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Jersey Discount Co. v. Aetna Insurance Co.
Decided: February 7, 1941.
JERSEY DISCOUNT COMPANY, A NEW JERSEY CORPORATION, PLAINTIFF-RESPONDENT,
AETNA INSURANCE COMPANY, A CORPORATION, DEFENDANT-APPELLANT
On appeal from the First District Court of the city of Newark.
For the plaintiff-respondent, Milton Lowenstein.
For the defendant-appellant, Edward H. Backes.
Before Justices Bodine and Porter.
The opinion of the court was delivered by
PORTER, J. The plaintiff is engaged in the business of loaning money to be used in the purchase of automobiles. It lent money for that purpose to one Daley and to one Le Clair taking from each, as security, conditional sales contracts on the automobiles purchased. It insured the automobiles with the defendant insurance company against various kinds of losses. Among those was indemnity against wrongful conversion or secretion of the automobiles and against perils of collision or upset, the coverage being for the actual cash value of the automobile or the cost of its repair or replacement excluding tools or repair equipment.
The plaintiff alleges that both automobiles were converted and damaged by collision and parts of one of the cars missing; that notice of these facts were given by it to the defendant; that the defendant secured the possession of the automobiles and delivered them to plaintiff at certain public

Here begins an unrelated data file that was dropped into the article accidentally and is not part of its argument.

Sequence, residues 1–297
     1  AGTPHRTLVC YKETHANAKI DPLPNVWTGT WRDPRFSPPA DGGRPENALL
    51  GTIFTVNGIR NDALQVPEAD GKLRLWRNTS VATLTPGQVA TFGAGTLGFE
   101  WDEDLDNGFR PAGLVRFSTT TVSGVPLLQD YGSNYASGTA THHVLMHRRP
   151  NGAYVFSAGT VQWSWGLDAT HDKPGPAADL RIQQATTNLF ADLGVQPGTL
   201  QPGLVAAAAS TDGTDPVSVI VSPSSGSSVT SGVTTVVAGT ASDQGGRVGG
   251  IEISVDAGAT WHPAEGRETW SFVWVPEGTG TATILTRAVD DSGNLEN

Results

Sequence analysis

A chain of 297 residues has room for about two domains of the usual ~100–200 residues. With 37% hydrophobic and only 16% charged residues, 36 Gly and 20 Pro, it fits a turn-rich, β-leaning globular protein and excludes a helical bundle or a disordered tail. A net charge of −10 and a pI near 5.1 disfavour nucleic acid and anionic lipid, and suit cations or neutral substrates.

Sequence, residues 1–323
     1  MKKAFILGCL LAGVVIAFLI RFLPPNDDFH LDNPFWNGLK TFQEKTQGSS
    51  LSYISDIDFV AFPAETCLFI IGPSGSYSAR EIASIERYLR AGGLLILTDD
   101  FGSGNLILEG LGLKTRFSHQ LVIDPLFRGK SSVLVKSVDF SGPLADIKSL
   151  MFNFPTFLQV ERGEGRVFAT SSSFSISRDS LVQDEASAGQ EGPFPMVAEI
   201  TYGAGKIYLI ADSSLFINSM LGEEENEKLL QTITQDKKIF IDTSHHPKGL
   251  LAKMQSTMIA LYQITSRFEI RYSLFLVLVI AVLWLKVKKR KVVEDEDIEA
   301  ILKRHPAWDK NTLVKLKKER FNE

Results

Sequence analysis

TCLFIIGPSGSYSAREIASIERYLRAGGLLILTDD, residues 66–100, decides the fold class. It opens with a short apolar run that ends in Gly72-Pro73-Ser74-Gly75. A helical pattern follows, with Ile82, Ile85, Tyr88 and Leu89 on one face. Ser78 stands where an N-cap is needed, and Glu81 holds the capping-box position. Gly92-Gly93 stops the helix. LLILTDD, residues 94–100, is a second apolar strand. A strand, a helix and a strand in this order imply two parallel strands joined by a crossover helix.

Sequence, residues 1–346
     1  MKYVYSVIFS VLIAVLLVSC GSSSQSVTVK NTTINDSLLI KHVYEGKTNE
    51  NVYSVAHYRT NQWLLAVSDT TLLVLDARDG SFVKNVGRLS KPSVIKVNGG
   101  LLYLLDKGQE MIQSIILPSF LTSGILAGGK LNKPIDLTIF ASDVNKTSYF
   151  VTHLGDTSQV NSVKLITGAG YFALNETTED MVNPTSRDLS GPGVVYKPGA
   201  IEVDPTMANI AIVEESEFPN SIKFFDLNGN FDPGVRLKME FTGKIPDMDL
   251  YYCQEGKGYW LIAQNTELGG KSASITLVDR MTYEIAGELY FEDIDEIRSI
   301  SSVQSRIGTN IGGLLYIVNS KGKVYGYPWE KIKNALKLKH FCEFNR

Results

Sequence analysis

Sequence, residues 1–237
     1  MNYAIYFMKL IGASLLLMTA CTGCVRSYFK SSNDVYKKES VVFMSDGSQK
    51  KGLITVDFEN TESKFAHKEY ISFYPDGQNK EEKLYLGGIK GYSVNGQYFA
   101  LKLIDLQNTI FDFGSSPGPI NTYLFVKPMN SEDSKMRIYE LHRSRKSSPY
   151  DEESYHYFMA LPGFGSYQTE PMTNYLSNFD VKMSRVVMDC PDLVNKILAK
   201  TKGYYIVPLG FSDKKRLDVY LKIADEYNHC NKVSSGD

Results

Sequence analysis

garages. The suit was to recover the towing and storage charges, the costs of repairing the damage done by collision and the value of the missing parts.
The trial judge, sitting without a jury, found a verdict for the plaintiff for $156. This appeal is from the resulting judgment.
The defendant urges as error the refusal of the trial judge to permit cross-examination as to the various clauses in the insurance contract. We perceive no error in this. There was no question raised of fraud or ambiguity in the contract. It spoke for itself and parol testimony as to its meaning was inadmissible. Naumberg v. Young, 44 N.J.L. 331. Another point urged is that testimony was improperly admitted as to the value of repairs and of the missing parts because the witnesses were not qualified and the nature and condition of the missing parts had not been established. The trial judge was the judge of the qualifications of the witnesses and we think that there was testimony from which could be found what was missing. The exact condition of the missing parts is not material.
We conclude that there was testimony in support of the factual situation on which the verdict was based. In such case this court will not review the facts. Many cases so hold, typical of which is ...
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